The Founding President and Chief Executive Officer of IMANI Centre for Policy and Education, Franklin Cudjoe is completely opposed to the idea of the state bearing some of the cost incurred by political parties during elections.
This comes on the heels of former President John Dramani Mahama’s suggestion that the state finances campaigns of viable political parties in order to prevent financiers from determining electoral outcomes.
“I totally oppose any attempt by the state to fund political parties. Even if we were to consider the idea, it would be predicated on performance. But that’s even the second order of things. The first order of things is a no no no. Political parties pride themselves as mass mobilisers of people and in this country, I’m sure NDC and NPP can boast of about half the number of people that go to the polls.”
”It is not in the place of citizens to contribute towards a party but its members. If the party while in power had contributed to the growth and development to the extent that the individuals had built for themselves sufficient bulwarks against poverty there would have been no qualms at all about people being asked to contribute.”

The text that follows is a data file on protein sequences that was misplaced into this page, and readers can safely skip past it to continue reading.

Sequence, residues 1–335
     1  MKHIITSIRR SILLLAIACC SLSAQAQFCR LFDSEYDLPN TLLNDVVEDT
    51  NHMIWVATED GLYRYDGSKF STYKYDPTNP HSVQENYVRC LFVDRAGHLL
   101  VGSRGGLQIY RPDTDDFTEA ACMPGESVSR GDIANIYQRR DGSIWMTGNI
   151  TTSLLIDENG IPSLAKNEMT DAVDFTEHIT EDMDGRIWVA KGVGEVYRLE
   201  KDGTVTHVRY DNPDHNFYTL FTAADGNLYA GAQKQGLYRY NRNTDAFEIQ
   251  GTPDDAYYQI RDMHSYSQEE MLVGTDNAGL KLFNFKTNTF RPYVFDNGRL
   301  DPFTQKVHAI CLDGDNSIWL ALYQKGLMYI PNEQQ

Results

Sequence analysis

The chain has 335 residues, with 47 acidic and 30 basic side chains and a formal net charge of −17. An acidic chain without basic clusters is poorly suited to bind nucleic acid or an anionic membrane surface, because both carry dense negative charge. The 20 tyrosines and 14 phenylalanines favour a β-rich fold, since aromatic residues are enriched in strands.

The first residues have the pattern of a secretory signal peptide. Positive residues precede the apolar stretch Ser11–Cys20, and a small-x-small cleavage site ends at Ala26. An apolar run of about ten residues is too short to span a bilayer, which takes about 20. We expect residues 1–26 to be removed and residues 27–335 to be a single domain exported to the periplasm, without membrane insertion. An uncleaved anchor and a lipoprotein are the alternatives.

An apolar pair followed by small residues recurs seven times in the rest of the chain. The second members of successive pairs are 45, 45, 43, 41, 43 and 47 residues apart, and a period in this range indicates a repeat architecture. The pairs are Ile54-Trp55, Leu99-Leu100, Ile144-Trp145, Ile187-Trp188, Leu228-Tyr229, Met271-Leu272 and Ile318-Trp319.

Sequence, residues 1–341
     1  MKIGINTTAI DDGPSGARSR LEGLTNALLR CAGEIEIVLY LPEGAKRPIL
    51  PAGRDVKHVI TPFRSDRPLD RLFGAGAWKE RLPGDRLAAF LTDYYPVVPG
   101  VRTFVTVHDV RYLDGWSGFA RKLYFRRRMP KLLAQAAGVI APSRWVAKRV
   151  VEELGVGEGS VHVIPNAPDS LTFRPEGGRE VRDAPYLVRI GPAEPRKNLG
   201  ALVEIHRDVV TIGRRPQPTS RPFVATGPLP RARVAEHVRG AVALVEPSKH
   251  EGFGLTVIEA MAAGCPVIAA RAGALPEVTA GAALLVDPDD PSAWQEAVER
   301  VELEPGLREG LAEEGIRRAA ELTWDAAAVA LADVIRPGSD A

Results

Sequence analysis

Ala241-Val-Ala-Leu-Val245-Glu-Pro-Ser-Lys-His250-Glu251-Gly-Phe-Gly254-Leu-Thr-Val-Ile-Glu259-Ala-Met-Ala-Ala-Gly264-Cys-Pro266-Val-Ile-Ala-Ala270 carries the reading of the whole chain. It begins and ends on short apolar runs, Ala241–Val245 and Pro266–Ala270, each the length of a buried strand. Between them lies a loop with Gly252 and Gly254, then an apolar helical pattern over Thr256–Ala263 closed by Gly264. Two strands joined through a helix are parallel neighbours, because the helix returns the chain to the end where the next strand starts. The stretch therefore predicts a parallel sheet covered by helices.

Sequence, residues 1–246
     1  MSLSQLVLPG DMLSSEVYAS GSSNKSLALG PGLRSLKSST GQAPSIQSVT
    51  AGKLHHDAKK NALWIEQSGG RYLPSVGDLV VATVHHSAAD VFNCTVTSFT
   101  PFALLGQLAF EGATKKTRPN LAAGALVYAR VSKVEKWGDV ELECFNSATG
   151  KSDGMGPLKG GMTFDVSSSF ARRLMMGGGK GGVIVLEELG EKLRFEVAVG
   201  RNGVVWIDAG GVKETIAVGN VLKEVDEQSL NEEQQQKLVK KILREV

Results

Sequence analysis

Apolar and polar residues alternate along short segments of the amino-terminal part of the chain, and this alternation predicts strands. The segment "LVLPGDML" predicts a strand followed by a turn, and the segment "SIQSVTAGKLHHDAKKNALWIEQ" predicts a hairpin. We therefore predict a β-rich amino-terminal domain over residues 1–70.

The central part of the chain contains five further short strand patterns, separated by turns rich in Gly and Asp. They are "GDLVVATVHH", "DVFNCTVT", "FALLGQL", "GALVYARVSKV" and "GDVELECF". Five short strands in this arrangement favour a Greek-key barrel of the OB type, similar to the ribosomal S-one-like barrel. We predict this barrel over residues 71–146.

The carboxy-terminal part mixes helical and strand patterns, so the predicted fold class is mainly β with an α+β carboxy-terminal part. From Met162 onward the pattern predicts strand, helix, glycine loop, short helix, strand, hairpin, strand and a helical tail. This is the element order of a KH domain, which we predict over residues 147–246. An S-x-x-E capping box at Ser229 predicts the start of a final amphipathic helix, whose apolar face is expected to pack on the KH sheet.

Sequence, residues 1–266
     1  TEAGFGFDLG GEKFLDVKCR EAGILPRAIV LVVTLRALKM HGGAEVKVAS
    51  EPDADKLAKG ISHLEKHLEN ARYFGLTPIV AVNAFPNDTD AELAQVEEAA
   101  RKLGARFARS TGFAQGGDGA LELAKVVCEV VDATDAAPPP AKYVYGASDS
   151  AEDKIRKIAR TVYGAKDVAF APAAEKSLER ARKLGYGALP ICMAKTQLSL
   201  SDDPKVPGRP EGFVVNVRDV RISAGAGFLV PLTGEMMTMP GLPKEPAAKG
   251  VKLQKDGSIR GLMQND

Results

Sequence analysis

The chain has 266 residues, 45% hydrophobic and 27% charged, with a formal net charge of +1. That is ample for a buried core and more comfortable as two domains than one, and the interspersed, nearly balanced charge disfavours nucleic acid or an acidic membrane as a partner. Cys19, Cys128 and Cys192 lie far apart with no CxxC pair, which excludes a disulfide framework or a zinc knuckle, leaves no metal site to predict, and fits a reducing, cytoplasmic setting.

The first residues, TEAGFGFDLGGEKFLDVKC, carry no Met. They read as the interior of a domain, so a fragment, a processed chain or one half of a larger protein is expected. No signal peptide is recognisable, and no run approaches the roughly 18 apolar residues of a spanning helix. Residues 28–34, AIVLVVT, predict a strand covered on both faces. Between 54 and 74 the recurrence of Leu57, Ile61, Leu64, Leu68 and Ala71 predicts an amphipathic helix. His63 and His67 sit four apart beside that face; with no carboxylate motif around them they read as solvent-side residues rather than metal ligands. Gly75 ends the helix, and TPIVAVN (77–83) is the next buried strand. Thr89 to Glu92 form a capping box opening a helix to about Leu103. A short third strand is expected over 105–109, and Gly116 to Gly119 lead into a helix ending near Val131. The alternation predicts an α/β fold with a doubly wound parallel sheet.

Mr. Franklin Cudjoe indicated that he truly understands and supports John Mahama on his call for political campaign reforms, he however has reservations.
“In fact, the only part I support is the crowd-funding as it will eliminate situations where political parties owe big wigs who fund them.”
Mr. Mahama during a public lecture on March 22, at UPSA auditorium in Accra said viable political parties play a strong role in promoting democracy in the country hence the need for the state to incur some of their expenditure in future.
He admitted that the state is now broke and therefore financing political campaigns going into the 2024 general elections is not an option.
He recommended that public funding of political parties be scaled up in the future supervised by an independent and credible institution to ensure fairness in the sharing formula.